Back to Whitton Week: Tracking Tom Keneally's Career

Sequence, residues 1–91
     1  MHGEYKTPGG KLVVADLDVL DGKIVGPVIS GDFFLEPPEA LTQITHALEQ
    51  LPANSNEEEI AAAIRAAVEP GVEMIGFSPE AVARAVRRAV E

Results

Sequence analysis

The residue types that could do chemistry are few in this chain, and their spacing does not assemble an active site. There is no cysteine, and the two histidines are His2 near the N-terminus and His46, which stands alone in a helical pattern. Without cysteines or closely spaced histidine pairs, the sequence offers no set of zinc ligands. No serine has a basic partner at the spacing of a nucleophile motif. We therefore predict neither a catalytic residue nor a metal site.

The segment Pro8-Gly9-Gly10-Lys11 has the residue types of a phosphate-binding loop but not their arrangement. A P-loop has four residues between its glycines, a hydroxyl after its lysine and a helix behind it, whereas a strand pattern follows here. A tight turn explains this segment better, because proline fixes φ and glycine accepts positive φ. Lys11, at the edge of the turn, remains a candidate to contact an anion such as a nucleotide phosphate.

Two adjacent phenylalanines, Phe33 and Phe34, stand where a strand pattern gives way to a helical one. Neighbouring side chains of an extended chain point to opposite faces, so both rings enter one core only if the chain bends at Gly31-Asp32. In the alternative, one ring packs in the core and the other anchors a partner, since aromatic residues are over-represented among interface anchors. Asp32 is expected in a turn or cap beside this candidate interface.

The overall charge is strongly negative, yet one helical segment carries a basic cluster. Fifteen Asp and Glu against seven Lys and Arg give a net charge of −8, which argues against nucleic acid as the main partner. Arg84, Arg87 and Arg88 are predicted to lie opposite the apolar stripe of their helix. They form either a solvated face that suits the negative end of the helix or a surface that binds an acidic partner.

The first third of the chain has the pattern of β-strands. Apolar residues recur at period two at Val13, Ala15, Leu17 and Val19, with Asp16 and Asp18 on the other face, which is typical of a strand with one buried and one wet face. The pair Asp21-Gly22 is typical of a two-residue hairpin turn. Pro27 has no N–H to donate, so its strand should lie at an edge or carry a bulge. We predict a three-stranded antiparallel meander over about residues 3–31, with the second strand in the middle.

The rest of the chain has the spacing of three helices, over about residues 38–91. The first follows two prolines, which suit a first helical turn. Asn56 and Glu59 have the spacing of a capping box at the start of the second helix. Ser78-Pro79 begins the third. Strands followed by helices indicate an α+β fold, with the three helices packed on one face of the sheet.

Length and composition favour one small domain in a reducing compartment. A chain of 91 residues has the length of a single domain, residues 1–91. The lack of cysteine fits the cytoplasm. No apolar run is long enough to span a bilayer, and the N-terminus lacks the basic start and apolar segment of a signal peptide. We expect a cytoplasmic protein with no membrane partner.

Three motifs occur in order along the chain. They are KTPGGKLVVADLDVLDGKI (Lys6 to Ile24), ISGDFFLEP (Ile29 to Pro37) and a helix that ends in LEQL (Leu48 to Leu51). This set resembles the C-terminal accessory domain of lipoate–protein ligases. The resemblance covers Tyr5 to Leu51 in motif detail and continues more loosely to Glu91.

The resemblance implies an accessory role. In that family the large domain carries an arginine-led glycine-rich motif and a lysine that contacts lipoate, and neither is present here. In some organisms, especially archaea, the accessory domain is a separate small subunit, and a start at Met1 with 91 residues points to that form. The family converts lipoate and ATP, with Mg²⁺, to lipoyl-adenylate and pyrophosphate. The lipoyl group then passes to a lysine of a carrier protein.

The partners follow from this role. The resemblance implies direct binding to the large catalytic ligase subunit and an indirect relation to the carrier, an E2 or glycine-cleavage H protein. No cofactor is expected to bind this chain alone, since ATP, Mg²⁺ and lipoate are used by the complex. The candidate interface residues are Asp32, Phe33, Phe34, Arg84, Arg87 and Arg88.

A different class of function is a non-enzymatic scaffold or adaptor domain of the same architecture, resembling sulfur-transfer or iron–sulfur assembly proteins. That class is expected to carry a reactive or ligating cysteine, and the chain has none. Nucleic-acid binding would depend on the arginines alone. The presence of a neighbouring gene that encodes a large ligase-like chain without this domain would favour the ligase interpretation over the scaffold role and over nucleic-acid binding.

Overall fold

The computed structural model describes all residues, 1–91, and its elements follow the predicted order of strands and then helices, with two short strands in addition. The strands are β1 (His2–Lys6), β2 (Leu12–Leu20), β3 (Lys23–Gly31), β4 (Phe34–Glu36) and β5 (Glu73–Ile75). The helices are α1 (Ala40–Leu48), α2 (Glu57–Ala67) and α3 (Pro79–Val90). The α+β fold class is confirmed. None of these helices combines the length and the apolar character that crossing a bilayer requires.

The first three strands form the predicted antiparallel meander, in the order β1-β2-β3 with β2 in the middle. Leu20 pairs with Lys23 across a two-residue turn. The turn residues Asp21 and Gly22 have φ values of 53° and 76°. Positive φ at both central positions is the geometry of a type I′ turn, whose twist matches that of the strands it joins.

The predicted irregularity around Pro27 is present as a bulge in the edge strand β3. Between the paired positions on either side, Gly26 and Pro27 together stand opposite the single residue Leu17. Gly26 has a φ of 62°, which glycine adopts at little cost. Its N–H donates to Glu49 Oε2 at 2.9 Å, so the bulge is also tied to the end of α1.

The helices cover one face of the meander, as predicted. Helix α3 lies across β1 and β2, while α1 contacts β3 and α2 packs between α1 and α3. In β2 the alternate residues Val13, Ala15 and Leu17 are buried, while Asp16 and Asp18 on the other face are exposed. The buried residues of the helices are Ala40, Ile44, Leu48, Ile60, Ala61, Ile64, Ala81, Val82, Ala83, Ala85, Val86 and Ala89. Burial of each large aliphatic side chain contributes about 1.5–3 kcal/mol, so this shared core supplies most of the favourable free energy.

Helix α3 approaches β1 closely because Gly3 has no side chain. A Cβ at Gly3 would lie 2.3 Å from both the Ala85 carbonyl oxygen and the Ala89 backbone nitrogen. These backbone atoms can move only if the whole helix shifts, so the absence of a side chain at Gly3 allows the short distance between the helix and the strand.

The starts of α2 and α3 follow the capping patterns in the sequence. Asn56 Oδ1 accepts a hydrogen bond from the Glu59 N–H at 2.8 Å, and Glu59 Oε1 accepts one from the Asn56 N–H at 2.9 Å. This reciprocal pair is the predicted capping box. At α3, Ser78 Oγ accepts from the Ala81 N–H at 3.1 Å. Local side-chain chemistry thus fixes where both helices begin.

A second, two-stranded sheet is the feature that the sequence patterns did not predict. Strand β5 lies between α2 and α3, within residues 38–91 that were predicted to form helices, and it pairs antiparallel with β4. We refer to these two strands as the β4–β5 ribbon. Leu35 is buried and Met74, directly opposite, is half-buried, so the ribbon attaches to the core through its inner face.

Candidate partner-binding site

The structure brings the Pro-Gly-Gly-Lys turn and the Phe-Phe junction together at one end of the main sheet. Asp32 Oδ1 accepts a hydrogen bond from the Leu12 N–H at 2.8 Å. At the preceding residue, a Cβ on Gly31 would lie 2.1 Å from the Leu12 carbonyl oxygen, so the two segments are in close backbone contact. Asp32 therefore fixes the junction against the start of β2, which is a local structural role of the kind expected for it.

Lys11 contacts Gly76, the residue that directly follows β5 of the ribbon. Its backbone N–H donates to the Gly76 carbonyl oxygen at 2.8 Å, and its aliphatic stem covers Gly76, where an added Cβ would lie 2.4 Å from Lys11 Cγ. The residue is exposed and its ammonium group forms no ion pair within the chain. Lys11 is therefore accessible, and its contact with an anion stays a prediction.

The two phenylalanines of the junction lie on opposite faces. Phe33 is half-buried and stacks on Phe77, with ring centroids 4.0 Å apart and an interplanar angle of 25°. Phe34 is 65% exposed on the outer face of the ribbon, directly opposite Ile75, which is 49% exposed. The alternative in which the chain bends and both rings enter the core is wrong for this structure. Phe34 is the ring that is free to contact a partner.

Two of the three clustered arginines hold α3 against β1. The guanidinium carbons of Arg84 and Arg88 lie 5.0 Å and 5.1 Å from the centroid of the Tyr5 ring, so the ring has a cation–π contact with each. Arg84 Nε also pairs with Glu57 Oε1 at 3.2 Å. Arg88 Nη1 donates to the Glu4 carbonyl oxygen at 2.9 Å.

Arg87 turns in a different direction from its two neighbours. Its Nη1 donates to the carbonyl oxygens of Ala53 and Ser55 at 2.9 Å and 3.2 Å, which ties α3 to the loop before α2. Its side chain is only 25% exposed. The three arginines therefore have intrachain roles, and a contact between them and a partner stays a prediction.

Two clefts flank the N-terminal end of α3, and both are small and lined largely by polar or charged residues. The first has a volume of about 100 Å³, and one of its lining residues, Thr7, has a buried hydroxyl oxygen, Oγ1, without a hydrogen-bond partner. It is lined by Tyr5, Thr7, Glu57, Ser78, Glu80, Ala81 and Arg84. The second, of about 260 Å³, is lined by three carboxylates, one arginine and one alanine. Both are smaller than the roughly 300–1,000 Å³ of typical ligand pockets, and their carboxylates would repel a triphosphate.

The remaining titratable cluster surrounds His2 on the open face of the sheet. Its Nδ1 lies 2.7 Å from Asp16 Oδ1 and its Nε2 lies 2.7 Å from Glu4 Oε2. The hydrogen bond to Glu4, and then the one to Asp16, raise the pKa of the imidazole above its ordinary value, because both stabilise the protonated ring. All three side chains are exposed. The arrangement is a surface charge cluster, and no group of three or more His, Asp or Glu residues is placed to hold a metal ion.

So at fifty years, what can we say? An easy conclusion would be that Keneally is best understood (as he himself has suggested from time to time) as a good craftsman of readable stories that raise serious issues, a writer better suited to the literary mass-market found in north America than to the more anxious and divided cultural space of literary Australia. But that fails at some point to do justice to the author’s capacity to write an experimental, challenging, literary work one year and a formula entertainment the next. In a real sense, Keneally the novelist is that variety, that impulsive flair, that unusual mix of person and persona, author and work that refuses ready categorisation, whether by scholars or bookshop salespoints. My conclusion is that it is our entrenched understanding of a literary career as much as any particular schools of literary value (modernism, realism, postmodernism, and so forth) that generates critical oscillations and uncertainties around Keneally’s writing, and precisely because this idea itself is now under reconstruction in ways Bourdieu could not have imagined, we will have to wait for a while to find a fully satisfying model by which to understand his complete works. In the meantime, revisiting A Place at Whitton offers us a fair guide.